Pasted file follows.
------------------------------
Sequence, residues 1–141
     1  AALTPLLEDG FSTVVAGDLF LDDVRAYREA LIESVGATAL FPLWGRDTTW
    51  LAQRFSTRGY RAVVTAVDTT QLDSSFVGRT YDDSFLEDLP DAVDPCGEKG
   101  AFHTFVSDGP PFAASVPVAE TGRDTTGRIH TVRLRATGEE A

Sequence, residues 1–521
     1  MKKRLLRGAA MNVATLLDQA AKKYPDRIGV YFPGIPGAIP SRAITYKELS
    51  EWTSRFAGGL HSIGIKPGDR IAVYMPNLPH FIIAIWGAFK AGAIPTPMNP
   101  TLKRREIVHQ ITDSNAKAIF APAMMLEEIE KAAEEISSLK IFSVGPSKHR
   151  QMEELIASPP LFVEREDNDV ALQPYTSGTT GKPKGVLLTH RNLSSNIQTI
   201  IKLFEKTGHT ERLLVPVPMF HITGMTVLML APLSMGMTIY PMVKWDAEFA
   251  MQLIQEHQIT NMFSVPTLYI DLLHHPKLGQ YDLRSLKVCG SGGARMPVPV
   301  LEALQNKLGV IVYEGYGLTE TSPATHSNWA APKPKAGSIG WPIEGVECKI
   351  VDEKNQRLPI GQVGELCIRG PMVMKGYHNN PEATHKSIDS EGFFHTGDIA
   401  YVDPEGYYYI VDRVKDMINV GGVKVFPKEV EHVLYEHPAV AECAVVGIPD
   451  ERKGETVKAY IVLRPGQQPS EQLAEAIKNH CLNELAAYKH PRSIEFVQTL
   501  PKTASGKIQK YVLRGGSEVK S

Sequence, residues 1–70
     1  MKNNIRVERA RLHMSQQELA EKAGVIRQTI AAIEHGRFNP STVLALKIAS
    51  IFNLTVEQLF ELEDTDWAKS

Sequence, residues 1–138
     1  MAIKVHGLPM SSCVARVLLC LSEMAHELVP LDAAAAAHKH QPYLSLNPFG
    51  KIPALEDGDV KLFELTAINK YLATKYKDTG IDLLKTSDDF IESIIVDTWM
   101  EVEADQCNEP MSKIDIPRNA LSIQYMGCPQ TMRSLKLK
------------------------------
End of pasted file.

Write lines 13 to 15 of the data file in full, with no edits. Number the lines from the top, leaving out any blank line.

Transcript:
   351  VDEKNQRLPI GQVGELCIRG PMVMKGYHNN PEATHKSIDS EGFFHTGDIA
   401  YVDPEGYYYI VDRVKDMINV GGVKVFPKEV EHVLYEHPAV AECAVVGIPD
   451  ERKGETVKAY IVLRPGQQPS EQLAEAIKNH CLNELAAYKH PRSIEFVQTL